As I sit in my dad’s recliner on early Christmas Eve morning 2018, I paused to reflect on my life that led me to pick up my laptop. My memory bank flooded with thoughts and emotions as I began to type. With any luck, what is in my head was transferred to the computer.
Most of us had someone teach us about the outdoors, whether it was hunting, fishing, trapping, or just good conservation practices. Maybe it was your dad, mom, uncle, grandpa, friend, or a combination of many people. In my case, my mentor was my dad, Raymond “Bud” Houser.
Other than the love for his family and God, my dad loved nothing more than spending time on the water or in a tree stand. His love for the outdoors was instilled in his children while we were still very young. It is something we still carry with us today as we attempt to pass it on to our own children and grandchildren.
With today’s distractions in the world, there is one place I can go to escape from reality if just for a couple of hours. Sitting in a tree stand or on a lake, my mind is allowed to wander, to times past and what lies ahead. It is also time to rekindling memories of times had with a man that meant so much to me and will always mean so much to me.
What would have come of my life if I was not introduced to the outdoors at such a young age? Would I spend these cold winter days bundled up inside not enjoying what is so freely given to me, to us?
So much of my life revolves around the outdoors, whether it is writing a magazine article, producing a TV show, or just getting away from it all. I owe it all to one man, my dad.
It has been more than three decades since I killed my first deer. Now, admittedly it was not a big deer, it was a fawn, if you need full disclosure. But, for a 9-year old boy, it just as well have been a 150-inch buck.
Watching my dad walk through the woods upon hearing my shot, and then seeing my trophy just feet away, his smile lit up like a Christmas tree. The look on his face was nothing but pure pride. All of this missed shots, complaining of the cold temperatures, and all the other things a young hunter can muster up were quickly forgotten in that time of celebration.
Did I just evolve from a young boy to a young man with the crack of a shot? Did I prove to him I was capable of doing something many my age were not capable of? I don’t know what exactly his thoughts were. If he said, I can’t remember. But, to this day I do remember the look on his face as we stood in the door entrance to the home as he retold the story to my mom. Nothing can make a young boy feel more secure than the admiration of his dad, and I got it that on a cold December day so many years ago.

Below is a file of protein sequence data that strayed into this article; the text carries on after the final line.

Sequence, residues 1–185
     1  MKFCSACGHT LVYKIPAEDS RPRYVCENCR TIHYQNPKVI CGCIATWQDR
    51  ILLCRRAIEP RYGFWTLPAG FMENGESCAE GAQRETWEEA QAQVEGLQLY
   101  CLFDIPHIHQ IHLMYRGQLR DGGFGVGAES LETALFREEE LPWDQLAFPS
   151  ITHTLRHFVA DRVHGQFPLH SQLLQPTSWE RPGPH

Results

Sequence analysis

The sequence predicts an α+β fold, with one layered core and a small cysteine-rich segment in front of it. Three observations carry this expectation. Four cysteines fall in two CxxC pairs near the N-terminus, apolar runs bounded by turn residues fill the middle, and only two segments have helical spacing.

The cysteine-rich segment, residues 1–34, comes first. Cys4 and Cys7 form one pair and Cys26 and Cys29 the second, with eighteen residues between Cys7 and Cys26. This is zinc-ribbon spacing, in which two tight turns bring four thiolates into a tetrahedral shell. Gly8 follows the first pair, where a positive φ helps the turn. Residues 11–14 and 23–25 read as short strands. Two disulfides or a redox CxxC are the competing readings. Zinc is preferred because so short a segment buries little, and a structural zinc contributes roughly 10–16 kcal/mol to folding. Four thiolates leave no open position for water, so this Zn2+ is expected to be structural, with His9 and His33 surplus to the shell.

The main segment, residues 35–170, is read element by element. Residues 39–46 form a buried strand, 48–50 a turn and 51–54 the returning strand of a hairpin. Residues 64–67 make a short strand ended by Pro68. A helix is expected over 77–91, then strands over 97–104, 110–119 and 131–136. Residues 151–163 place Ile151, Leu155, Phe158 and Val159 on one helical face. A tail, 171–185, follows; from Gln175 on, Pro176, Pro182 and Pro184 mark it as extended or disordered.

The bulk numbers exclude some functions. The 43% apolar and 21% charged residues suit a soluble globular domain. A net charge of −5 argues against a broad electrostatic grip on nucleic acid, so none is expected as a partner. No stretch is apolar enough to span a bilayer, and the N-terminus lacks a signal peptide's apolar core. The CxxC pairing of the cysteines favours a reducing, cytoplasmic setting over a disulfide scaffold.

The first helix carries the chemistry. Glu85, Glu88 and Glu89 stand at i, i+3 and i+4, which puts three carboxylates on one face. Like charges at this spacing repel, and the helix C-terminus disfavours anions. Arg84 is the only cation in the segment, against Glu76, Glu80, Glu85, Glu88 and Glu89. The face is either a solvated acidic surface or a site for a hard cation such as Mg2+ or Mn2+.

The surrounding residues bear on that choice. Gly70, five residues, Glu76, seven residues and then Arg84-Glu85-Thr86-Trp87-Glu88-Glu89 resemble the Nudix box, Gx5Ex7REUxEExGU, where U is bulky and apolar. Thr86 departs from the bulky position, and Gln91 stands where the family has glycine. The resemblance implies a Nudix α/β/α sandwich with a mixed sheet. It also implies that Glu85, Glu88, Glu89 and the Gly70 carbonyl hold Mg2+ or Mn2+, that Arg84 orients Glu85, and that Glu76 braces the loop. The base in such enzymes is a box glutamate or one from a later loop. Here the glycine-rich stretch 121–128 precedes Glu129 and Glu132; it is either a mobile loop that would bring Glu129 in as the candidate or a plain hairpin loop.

Over the years I have been blessed to hunt much of North America and beyond. Everything from squirrels here in Illinois to the biggest animals South Africa has to offer have fallen to my shots. But, it all began with a dad showing his love to his son.
Through those years, dad managed to kill a lot of deer. None was bigger than the last deer he killed in November 2010–a giant buck scoring almost 170 inches. Dad was not a trophy hunter. He loved being outside, but more so he loved spending time with family, watching others succeed, and enjoying a little thing called “Houser’s Deer Camp”.
Dad isn’t with us physically anymore after passing in a tragic accident in 2011, but his spirit lives in each one of us. This is not just during deer season, on Christmas Eve, or any of the other days throughout the year. His spirit lives within us 24/365.
I have had many conversations with myself and other family members about what I am doing as a chosen career. It always comes back to the one question, “Would Dad approve”? I think he would, and as long as I believe this, I will continue down this crazy path. My only regret is that he can’t be here to see it all unfold. As my wife says, he is in Heaven doing the happy dance.
Through the years, deer camp grew to include many people. Other family members and friends began hunting. Others showed up at camp just to cheer us on and enjoy the fellowship. But, it all started with a dad taking his son hunting and passing on his love for the outdoors.
Is a successful hunt killing a buck to put on your wall? Sure, it is nice to kill big deer but there is so much more to hunting for me. As 2018 grew shorter and deer season began to take a back seat to what is really important this time of year, we celebrated the birth of Jesus Christ. But, because of what I know, thanks to my dad who celebrates the birth of Jesus Christ every day, I will get the opportunity to be with dad again, and maybe even get to spend a day in the woods with him just one more time. Who knows?